“All we require is the will. The next few decades represent a final opportunity to build a stable home for ourselves and restore the rich, healthy and wonderful world that we inherited from our distant ancestors. Our future on the planet, the only place as far as we know where life of any kind exists, is at stake.”

The Right to Be Cold by Sheila Watt-Cloutier

The Arctic is the world’s air conditioner and if we cannot protect the Arctic than we are all doomed to face the effects of climate change.

3/5 stars.
ebook, 263 pages.
Read from March 14, 2017 to March 22, 2017.

This is the last book I tackled in the Canada Reads 2017 shortlist. I happy to have all five of the book read and reviewed before the debates take place starting on March 27th. This is the one non-fiction submission in the shortlist and while it was not my favourite book the content of the book is a warning that we should all heed.

Sheila Watt-Cloutier was born in Kuujjuaq, Nunavik to an Inuk mother and a white father. Her book recalls fond memories of country foods included seal, whale and caribou, as well as dog sledding trips, and hunting. She was shortly shipped off to Southern parts of Canada as per government regulations for schooling. As she got older she saw how the environmental and cultural changes were taking a massive toll on the Inuk people. Their whole life was be altered against their will and they were not adapting to the changes well. After failing to become a doctor, Sheila became involved locally and internationally in helping improve the way of life for her people. While not initially meaning to be an environmentalist, it became clear that the biggest problem facing her people was climate change.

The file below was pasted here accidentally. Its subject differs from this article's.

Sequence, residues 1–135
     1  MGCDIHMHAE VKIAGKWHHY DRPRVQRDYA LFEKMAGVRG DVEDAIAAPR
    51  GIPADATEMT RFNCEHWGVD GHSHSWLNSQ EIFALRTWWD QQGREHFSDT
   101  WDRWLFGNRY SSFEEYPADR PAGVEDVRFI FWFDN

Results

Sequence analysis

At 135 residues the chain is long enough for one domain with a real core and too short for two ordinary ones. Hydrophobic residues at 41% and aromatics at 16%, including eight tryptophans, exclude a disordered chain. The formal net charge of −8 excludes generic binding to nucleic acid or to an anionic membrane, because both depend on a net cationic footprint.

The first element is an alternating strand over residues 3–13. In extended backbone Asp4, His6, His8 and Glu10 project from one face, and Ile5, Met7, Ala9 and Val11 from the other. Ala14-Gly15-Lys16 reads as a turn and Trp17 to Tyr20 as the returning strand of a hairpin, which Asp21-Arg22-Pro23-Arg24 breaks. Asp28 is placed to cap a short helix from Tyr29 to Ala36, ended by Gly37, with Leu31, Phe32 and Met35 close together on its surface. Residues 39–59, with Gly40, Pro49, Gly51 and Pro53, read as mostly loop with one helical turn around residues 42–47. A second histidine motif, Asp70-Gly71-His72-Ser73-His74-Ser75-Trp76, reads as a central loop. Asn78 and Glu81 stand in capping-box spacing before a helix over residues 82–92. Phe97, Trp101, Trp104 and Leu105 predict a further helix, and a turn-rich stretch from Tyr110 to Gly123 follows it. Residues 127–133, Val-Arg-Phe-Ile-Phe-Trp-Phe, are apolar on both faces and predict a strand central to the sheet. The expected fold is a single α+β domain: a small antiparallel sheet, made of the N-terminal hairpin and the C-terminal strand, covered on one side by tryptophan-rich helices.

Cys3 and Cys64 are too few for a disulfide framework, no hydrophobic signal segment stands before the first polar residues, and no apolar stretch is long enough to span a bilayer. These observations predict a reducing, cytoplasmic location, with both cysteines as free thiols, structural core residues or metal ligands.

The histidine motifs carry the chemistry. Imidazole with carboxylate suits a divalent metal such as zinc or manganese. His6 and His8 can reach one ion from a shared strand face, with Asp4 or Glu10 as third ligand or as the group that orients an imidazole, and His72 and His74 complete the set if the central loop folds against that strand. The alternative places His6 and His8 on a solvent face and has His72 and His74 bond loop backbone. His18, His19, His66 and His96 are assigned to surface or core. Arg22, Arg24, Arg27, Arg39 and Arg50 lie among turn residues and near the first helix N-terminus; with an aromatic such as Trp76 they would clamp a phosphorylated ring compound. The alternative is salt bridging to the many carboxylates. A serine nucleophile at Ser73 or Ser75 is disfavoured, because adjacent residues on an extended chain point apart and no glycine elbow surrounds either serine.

Persistent organic pollutants (POPs), from around the world settle and find their way to the coldest points on earth. These pollutants poison animals and contaminate the food the the Inuks eat which inadvertently poisons them. Climate change is a real and is being seen in Arctic first. The Arctic is the world’s air conditioner and if we cannot protect the Arctic than we are all doomed to face the effects of climate change. Sheila’s book is memoir, but it is really more of warning of what is to come if we do not take action. She goes through heartbreaking details of the suffering that her people have had to endure at the selfishness of others and is looking for justice and help, not only for her own people, but to ensure that the rest of the world is protected.

Shelia has been given numerous awards and accolades for her work, including a nomination for the Nobel Peace Prize in 2007 along side Al Gore. For a full list of her awards and honours, click here.

The information in this book is undoubtedly valuable and of extreme importance, however I didn’t sign up to read and poorly delivered essay full of committee meeting details. Portions of the book became tedious with this type of detail and detracted from the important message that Sheila was trying to portray. As an editor, I would have focused on the emotional specifics of Sheila’s upbringing and the outcomes of the current climate situation for the Inuks. While it is important to recognize the extensive councils and impacts that Shelia has had, her novel is bogged down with political nuances that don’t add to her cause.

Is this “the is the one book that Canadians need now?” In terms of the cause, absolutely. This type of issue needs to be laid out for everyone to see. Just because you may not be suffering the effects of climate change at this time, it doesn’t mean that others are not and we need to do our part to get a handle on the climate change situation. However in terms of the readability of this book, I would say no.

I would still recommend this book for anyone that doubts or needs more information about climate change and especially for those who have little understanding of the ways different people live their lives.